The Dawn of new opportunities as NASA teams up with Australia’s SmartSat CRC

Recently, NASA’s Search and Rescue signed a collaboration agreement with SmartSat Cooperative Research Center (CRC), an association of universities, several researcher organizations, industries, and the Australian government. NASA’s Search and Rescue office, located in Goddard Space Flight Center, seeks to support SmartSat CRC with the expertise in high-level distress-related navigational and broadcasting technologies useful to both the United States and Australia.

Christyl Johnson, the Goddard Research and Technology Investment assistant manager, expressed the excitement for the great opportunities and capabilities that the new collaboration brings. NASA’s Search and Rescue plans to provide SmartSat CRC with engineering expertise to develop innovative rescue technologies.

For over three decades, the office of NASA’s Search and Rescue researched and innovated Cospas-Sarsat’s technology, a global effort to avail satellite-aided data on distress-related locations to emergency responders around the world. The first stage of the partnership involves making improvements to NASA’s second-generation distress beacon technology. These beacons enhance the current beacon technology, providing increased accuracy to benefit users internationally.

SmartSat CRC is mandated to propose new layouts of the 406MHz beacon signals transmitted via the Cospas-Sarsat’s system. These new beacon designs continue to modernize the development of the second-generation beacons that utilize encoding techniques, initially unavailable during the establishment of the Cospas-Sarsat network in the 1970s. SmartSat CRC continues to develop improved services to clients, especially emergency experts and responders.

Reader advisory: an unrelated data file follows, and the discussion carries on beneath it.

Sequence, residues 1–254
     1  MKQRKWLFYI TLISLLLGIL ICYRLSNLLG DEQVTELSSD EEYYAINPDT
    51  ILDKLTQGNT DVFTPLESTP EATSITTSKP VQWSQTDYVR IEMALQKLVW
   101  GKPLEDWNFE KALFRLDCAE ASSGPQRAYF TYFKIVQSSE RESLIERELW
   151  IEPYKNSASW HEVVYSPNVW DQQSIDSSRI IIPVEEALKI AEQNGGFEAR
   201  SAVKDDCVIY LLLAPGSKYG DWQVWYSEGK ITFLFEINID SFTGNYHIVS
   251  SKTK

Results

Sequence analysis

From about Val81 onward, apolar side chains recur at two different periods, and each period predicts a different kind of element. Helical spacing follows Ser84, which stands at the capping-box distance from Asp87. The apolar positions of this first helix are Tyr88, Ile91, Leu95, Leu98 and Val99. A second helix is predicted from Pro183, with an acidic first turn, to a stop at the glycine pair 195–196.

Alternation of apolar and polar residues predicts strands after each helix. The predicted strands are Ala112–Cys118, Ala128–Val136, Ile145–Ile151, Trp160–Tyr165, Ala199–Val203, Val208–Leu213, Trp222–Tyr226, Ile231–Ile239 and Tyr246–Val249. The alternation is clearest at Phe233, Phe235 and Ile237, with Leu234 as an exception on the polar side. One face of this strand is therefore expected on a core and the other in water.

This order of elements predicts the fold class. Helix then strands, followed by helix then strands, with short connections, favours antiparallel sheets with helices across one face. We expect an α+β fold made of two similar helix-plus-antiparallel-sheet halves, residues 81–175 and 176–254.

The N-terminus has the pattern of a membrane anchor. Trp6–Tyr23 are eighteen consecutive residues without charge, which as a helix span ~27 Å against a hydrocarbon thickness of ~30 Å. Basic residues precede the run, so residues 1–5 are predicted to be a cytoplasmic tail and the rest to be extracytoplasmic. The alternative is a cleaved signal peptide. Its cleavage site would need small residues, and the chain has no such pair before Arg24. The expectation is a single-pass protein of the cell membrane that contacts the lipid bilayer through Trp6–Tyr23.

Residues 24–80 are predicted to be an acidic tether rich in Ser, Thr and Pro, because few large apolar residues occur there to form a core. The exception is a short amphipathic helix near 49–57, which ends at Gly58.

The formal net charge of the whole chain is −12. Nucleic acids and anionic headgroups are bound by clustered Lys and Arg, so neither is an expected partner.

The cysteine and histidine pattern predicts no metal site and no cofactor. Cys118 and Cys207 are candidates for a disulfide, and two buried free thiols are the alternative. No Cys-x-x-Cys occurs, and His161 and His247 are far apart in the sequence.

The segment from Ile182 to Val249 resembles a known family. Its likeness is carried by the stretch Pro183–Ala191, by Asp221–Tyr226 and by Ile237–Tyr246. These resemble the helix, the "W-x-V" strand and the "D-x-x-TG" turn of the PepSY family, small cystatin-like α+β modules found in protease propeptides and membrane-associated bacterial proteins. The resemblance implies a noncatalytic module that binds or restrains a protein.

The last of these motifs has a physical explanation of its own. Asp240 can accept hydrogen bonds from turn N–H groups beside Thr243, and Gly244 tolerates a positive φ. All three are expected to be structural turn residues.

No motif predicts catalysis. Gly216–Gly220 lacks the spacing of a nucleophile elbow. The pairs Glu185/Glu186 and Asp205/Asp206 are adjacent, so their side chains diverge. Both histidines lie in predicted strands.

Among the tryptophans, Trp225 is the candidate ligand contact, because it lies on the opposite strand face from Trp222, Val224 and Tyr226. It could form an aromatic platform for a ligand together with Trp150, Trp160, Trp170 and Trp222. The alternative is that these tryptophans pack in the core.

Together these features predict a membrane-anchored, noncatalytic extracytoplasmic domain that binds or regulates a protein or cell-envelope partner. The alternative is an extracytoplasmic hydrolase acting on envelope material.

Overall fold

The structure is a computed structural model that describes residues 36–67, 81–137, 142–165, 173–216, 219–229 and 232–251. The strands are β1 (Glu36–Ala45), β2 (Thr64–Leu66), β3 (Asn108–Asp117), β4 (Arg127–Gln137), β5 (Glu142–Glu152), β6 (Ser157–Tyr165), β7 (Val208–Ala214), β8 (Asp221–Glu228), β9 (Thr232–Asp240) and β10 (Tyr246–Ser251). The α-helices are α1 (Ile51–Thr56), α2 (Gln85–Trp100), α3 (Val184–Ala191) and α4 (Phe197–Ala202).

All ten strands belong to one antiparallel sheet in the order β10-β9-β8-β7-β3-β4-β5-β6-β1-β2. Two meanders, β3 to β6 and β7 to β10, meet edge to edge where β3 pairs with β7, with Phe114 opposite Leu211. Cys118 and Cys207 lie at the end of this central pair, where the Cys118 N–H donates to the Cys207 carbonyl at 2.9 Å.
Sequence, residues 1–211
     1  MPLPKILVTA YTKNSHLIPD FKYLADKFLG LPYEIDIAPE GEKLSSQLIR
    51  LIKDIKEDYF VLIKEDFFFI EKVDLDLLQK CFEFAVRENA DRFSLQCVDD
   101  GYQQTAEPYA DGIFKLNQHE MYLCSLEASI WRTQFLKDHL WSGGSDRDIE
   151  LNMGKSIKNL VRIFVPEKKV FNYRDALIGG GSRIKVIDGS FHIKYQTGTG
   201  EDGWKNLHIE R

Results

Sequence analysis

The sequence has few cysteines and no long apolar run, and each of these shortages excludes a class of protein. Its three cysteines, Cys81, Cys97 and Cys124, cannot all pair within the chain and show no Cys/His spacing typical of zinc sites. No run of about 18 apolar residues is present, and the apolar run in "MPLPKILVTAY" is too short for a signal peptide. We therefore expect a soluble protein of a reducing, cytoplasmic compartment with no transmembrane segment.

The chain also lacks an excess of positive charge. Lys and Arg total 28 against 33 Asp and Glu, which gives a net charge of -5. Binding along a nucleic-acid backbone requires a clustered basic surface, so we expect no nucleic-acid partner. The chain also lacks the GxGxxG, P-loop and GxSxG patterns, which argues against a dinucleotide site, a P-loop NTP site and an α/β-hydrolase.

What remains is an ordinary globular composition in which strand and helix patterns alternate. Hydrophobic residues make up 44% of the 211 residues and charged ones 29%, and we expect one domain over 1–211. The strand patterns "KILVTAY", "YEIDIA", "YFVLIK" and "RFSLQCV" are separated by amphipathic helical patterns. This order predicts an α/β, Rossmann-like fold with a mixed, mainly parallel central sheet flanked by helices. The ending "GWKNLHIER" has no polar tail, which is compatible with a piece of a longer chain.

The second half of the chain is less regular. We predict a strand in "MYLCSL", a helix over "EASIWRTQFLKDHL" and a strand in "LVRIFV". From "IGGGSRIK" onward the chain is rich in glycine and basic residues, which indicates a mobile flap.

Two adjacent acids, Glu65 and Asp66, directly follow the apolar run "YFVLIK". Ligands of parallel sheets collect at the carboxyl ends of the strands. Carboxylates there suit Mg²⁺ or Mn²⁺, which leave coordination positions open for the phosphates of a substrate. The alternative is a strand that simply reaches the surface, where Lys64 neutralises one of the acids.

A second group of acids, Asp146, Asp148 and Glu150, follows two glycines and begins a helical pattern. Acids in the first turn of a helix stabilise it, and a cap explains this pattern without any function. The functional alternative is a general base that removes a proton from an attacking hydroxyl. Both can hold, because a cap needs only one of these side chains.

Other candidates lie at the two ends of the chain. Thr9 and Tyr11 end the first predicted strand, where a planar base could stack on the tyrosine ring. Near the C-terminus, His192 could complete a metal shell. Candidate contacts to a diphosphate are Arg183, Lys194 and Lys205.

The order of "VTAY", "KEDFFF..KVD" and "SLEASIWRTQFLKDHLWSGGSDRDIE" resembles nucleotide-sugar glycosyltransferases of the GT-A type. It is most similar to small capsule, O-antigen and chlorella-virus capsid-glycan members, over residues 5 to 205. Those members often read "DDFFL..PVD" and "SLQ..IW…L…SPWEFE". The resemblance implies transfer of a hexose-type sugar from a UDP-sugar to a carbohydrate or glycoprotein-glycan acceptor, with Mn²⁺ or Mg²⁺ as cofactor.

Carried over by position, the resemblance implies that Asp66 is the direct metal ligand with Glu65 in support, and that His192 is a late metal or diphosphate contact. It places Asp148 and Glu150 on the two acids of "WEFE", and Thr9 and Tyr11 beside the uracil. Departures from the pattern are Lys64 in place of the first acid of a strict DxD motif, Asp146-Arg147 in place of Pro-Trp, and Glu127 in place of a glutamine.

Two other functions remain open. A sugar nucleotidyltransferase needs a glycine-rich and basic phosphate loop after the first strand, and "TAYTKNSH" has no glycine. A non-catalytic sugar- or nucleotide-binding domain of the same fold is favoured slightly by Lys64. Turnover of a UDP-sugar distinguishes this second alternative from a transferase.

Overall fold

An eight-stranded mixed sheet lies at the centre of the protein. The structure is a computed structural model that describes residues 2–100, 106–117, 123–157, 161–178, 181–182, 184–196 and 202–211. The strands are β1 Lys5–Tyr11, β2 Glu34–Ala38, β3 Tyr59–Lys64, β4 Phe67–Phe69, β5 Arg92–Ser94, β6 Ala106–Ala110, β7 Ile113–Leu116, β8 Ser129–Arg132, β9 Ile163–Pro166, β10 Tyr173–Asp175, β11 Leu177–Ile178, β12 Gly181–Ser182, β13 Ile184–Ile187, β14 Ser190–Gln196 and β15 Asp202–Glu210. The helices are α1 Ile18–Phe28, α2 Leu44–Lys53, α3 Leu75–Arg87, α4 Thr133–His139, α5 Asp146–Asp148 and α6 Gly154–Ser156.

Lisa Mazzuca, the director of NASA Search and Rescue Mission, said that the research done by SmartSat CRC brings forth huge benefits to an international rescue initiative. The partnership between SmartSat CRC and NASA’s Search and Rescue holds the capacity to revolutionize distress-related signal transmission technologies, and later on implement future modifications to the network. 

Future stages of the partnership with SmartSat CRC aims to support exploration missions. One of them is the Artemis Program, a project that seeks to take humans back to the Moon after Apollo’s first successful Moon landing. NASA seeks to provide second-generation beacons to every astronaut in the agency’s Artemis Projects. The plan is for astronauts to use the beacons in the events such as lift-off abort scenario. NASA’s Search and Rescue team wants to use the agency’s LunaNet navigational and broadcasting architecture to expand beacon services to the Moon’s surface.

Andy Koronios, the CEO and manager of SmartSat CRC, stated that the collaboration opens up many windows of opportunities to Australia’s space industry. He expressed the company’s excitement after teaming up with Goddard’s Search and Rescue office. Andy stated that the collaboration with NASA fosters a relationship to help SmartSat CRC join in the initiative to take humankind to the Moon and the planets. 

In conclusion, the partnership between SmartSat CRC and NASA’s Search and Rescue is among the many collaborations NASA undertakes to pass down its expertise in space technology to all humankind on Earth.